Founded back in the relatively early days of the graphical interface web (1997), MERLOT (the Multimedia Educational Resource for Learning and Online Teaching) remains something of a sleeper for classroom teachers.  I wrote about this 3 years ago, on its 10-year anniversary, and I am still finding teachers who have never heard of it.  This is not a comment on  the tech-savvy-ness of teachers but rather to difficulties of promoting truly useful educational technology resources to the people who could most use them.

The idea behind MERLOT is to allow free access to educational materials developed and rated by teachers – or alternatively, for them to share links out to useful materials that they have used in their work and rated appropriately.  Not everything linked or filed in MERLOT is necessarily free, but most is.  And don’t let the “online” part of their title deter classroom teachers from using the materials.  If your students can connect to the internet from your classroom, or you can access the materials and show them on a projector, you may still find these resources useful.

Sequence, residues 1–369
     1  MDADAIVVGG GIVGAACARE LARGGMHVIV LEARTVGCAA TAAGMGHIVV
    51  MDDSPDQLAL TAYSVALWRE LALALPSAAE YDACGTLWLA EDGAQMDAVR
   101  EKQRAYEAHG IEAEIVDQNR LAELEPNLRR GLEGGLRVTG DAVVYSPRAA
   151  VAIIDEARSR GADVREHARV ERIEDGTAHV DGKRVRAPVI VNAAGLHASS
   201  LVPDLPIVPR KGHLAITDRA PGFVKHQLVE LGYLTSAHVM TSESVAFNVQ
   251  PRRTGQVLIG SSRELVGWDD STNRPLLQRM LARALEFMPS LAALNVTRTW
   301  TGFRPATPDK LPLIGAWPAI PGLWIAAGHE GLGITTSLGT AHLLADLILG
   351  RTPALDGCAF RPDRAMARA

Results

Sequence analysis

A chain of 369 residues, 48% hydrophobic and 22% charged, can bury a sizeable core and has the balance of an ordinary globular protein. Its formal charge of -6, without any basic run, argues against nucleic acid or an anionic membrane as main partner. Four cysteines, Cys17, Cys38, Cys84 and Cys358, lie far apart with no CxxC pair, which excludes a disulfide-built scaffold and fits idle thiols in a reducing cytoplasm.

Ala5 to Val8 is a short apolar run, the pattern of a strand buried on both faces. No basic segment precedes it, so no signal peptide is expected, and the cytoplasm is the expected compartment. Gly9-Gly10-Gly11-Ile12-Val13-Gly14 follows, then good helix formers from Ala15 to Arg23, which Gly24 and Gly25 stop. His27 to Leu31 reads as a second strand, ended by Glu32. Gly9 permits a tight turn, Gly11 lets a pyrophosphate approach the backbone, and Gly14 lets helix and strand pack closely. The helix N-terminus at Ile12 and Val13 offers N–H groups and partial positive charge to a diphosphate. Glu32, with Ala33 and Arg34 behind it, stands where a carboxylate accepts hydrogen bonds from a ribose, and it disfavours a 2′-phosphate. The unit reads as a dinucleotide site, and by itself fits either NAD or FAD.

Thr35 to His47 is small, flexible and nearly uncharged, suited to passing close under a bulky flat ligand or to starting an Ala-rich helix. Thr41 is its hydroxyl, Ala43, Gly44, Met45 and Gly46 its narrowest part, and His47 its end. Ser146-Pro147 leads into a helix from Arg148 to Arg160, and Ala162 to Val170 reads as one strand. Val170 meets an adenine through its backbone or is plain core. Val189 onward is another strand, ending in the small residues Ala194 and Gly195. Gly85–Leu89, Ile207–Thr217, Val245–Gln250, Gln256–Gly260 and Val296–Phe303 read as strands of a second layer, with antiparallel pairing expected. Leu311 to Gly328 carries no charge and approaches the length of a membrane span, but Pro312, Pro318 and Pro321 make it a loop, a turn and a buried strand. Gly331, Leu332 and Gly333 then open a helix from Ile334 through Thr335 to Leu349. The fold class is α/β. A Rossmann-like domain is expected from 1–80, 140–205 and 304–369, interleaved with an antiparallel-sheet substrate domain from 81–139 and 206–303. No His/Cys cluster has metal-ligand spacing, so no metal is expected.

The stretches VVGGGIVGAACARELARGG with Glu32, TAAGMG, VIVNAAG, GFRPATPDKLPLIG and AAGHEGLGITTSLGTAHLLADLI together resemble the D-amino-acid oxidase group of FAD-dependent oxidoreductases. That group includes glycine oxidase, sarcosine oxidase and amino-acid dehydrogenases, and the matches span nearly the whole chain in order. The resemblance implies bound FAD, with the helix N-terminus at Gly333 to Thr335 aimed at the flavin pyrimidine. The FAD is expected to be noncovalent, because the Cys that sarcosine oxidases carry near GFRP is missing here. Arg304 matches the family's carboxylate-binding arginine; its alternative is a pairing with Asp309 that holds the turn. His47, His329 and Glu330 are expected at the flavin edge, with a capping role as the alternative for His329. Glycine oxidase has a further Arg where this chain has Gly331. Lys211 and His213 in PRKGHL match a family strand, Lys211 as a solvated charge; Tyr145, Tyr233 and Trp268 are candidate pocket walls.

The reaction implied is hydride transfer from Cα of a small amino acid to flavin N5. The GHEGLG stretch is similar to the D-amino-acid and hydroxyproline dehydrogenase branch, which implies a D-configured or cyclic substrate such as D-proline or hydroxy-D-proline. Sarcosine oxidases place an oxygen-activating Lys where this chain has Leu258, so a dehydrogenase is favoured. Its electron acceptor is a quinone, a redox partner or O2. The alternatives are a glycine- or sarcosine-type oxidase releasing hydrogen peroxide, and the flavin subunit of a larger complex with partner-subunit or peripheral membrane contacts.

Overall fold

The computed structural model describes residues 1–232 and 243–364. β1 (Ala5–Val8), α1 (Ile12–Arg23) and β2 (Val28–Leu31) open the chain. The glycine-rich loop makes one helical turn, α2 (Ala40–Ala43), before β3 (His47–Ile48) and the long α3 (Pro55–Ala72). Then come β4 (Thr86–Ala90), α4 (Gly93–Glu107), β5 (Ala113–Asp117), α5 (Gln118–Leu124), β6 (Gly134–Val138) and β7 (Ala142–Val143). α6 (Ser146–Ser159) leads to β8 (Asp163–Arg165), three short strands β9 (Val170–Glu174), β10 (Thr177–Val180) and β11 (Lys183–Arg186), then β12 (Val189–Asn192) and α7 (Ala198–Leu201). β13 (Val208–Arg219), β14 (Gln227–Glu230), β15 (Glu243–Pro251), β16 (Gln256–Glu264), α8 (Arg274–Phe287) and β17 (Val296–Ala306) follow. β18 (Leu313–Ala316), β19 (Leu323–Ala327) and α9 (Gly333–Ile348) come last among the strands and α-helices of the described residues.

I confess that I still have difficulty finding exactly what I need sometimes, but that is no worse on MERLOT than it is on YouTube, for instance, and usually means that I need to refine my keywords for a search.  My strategy is to budget a limited amount of time (usually using Pomodoro methodology … i.e. 25 minutes on the kitchen timer) for searching this resource.  If I can’t find it in 25 minutes, I move on to a different site … or contact my friendly neighborhood spiderman librarian.

If you have found other useful learning object repositories, please let me know in the comments or send me an email!

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